I know it’s difficult, but please, don’t be too hard on yourself. As someone who’s been in that situation, studying abroad as a parent, and bringing my child and husband with me, I know how important it is to have some time just for yourself.
Talk about it with your spouse. Tell them that you’ll need that extra hour to walk around the park, to read quietly in your room, to exercise every morning for half an hour, and so on, anything that could help you rejuvenate and ready to tackle the challenges and hardships that will come your way.
6. You’ll Always Have Time for Family Get Together
Ensure your spouse that whatever happens, no matter how hectic your life could be, you’ll always have time for the family.
It can be small things such as strolling in a park on Saturday evening, movie nights, Ice cream Sunday, and so on, anything that can be enjoyed by the whole family.
Allocate some budget for a longer trip outside the city, or even outside the country. Make use of the breaks between semesters to recharge yourself and strengthen the bonding with your family.
Explore new cities, visit museums, castles, amusement parks, beaches, mountains, and so on. Try new foods and the specialty of that regions. You are in a foreign country after all.
Don’t waste any opportunity to explore the beauty of your host country and its surroundings, as well as the opportunity of creating memories of your adventures with your beautiful family.
Use this printable workbook to record your Back to School Research. Don’t make all that Campus Visits, Virtual Tours, Webinars, and Q&A with the school’s admission personnel go to waste !! Write down the information you have collected in this workbook.
Study them later carefully to help you weigh in the pros and cons of each university and decide the best place for you to continue your study.
7. All the Sacrifices Will be Worth It
Feeling loved and appreciated by the people around you is crucial. The moral support you get from your loved ones is the reason why you keep going strong despite all the odds that seem to be working against you.
Thus, in order to get that continuous support from your loved ones, especially from your spouse, you need to convince them that someday, all the sacrifices you made together as a family will all be worth it.
This is one of the most crucial things to discuss with them before you study abroad. Because first of all, studying abroad is expensive.
It will make a big impact on your family’s financial situation. Most likely you’ll be going to use a large portion of the family’s savings to pay for school, or will put your family in debt for the next several years to pay for the loan.
So, it’s imperative that you discuss this financial matter thoroughly. How are you going to pay for your study abroad? What’s the impact on the family’s financial situation? How long until you could get the return on your investment? et cetera.
What about sacrifices in areas other than financial aspects? How about the effect this studying and living abroad has on your child(ren)? Convince your spouse that the experience will bring positive results for your child(ren).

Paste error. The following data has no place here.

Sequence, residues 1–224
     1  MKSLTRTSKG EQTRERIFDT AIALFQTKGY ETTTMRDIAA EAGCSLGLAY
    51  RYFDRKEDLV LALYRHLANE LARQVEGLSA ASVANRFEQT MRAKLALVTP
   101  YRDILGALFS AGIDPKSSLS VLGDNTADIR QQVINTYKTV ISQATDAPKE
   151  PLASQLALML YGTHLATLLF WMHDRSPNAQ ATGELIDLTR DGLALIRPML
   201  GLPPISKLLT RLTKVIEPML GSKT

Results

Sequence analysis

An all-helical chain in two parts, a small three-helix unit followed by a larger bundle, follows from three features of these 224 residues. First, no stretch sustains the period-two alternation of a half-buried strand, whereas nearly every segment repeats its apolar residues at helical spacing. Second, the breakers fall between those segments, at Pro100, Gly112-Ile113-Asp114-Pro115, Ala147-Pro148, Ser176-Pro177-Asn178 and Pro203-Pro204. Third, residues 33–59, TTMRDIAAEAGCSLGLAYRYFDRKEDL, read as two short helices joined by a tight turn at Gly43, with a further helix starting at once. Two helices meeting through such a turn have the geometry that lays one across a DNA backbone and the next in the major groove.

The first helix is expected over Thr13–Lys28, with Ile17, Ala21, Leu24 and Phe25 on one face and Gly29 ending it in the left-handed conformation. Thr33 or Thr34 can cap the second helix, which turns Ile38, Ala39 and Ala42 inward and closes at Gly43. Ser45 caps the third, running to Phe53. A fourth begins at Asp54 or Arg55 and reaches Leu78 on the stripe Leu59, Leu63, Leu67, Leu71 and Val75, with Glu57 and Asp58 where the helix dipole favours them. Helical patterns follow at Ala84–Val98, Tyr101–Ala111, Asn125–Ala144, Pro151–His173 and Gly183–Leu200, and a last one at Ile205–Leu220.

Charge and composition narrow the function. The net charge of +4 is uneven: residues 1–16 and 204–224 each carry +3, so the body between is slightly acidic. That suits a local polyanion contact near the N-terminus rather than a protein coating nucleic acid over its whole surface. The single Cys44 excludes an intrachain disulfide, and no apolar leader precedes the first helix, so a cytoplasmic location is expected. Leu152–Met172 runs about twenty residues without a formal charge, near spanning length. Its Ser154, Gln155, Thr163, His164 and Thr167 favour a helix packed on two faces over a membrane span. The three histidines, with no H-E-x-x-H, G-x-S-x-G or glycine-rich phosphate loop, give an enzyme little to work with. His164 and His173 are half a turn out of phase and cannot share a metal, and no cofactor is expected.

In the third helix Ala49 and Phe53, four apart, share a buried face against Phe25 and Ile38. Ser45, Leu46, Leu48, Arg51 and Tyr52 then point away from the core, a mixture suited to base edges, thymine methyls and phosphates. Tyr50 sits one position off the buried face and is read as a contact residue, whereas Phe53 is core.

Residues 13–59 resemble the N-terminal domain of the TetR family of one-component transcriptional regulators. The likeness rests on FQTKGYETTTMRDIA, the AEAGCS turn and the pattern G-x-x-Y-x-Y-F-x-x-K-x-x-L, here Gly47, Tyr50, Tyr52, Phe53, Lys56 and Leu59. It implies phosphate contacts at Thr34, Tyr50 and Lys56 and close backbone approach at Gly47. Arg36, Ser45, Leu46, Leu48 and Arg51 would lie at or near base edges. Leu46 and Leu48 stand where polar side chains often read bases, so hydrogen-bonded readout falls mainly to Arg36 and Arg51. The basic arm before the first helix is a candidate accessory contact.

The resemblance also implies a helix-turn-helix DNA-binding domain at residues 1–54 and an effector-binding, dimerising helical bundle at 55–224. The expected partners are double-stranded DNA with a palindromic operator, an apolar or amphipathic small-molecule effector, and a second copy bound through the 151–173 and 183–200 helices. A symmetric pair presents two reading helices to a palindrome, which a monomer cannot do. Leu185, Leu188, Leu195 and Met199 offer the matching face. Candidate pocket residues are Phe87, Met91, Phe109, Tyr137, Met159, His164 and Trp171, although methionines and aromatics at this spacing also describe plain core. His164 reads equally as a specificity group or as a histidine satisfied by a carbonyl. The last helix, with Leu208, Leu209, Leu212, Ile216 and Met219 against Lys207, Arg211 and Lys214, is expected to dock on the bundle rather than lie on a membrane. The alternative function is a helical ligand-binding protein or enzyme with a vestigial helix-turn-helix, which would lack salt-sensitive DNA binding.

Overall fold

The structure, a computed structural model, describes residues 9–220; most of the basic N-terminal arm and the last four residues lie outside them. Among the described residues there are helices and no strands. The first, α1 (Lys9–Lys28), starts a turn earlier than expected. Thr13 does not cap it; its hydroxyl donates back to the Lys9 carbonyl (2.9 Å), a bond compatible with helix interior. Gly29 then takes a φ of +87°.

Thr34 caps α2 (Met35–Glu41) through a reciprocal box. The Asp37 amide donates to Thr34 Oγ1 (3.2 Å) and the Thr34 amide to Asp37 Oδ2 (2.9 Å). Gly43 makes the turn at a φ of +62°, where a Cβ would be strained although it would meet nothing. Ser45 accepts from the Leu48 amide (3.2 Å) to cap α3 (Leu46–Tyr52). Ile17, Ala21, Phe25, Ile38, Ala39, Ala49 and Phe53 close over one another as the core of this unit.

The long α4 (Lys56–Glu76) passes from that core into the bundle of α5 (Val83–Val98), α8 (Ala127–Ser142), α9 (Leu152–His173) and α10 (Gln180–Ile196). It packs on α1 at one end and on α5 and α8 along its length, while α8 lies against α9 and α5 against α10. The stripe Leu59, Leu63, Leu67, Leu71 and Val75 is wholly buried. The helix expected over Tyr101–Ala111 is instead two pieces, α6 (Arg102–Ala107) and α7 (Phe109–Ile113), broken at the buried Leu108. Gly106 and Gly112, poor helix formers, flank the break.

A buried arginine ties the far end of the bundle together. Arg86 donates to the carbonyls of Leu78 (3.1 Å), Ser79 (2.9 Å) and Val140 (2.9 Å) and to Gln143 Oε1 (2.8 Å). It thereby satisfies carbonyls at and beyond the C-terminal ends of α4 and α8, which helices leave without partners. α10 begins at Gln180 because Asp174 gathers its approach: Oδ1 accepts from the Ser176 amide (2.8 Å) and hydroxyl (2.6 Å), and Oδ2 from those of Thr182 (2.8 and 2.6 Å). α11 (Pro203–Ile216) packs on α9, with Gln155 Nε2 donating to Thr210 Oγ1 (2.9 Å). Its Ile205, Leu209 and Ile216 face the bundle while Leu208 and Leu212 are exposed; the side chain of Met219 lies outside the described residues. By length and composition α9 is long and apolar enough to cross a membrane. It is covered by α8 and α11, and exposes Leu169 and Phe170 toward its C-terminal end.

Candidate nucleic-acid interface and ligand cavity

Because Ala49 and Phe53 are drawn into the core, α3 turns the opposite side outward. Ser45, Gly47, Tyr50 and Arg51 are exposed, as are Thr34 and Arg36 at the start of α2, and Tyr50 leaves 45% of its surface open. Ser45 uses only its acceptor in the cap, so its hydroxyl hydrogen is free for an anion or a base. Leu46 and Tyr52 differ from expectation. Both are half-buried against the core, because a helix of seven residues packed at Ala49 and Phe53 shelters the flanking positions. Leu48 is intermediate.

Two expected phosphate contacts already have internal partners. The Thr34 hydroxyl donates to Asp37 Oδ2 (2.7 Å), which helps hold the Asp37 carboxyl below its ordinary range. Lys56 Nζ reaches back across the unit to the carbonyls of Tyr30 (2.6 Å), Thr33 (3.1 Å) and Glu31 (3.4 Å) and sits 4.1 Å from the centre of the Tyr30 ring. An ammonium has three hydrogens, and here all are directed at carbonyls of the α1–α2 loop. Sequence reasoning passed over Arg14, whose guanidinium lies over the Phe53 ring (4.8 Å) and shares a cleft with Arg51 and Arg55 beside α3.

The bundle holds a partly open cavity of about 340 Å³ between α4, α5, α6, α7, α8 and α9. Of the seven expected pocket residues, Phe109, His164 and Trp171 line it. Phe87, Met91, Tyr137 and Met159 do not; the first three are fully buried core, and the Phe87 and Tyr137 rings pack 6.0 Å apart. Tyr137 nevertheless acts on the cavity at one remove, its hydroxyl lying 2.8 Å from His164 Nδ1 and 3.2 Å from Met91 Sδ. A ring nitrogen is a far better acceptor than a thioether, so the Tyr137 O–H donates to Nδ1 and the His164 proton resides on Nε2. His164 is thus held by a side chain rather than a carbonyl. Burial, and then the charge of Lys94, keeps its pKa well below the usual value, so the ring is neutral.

It might be difficult now, as you still going through it, but later on, they will develop positive traits such as becoming more independent (since their parents were busy working and studying), learning a new language, and easy to adapt to the new environment, and so on.
Over to You…
Parenting, as much as it’s rewarding and joyful, can become frustrating and confusing at times. When you add more complications to that such as going back to school and studying abroad as a mature student and student mom or dad seems like a crazy idea.
Despite its difficulties, you should never give up on your dream of studying abroad because you have a child. There are plenty of study choices that will help you achieve your education goal.
But most importantly, you need moral support from your loved ones, especially your spouse. They are the person who could give you a helping hand so that you don’t get stuck struggling to find a balance between your parental obligations and studies.
Therefore, you need to talk about these crucial things with your spouse before you go pursuing your dream of studying abroad, such as whether or not they will come and accompany you to the foreign country, what to expect from you as a partner and a parent, now that you also have new responsibilities as a student.
You will also need to make them understand that you’ll need time to focus on your homework, and assignments, and study for your exams, as well as need to prioritize some of your duties while still needing some time for yourself in order to be able to rejuvenate yourself.
But don’t forget to convince them that you’ll always make time for a family get-together, no matter how busy you are, and that this situation is only temporary, that someday all the sacrifices will be worth it and the hardships will all be paid off.
So, is being able to continue your study abroad has been your lifelong dream but you still have doubts since you don’t know how to convince your spouse that it will be the right thing for you to do?
Well, hopefully, this post will convince you, and your spouse, so that the next thing you know, you’ll be ready to start a new adventure abroad with your family!!!
Leave your comment down below and share this on your social media to spread the info. Thanks so much for reading, stay safe and healthy…and till next time!!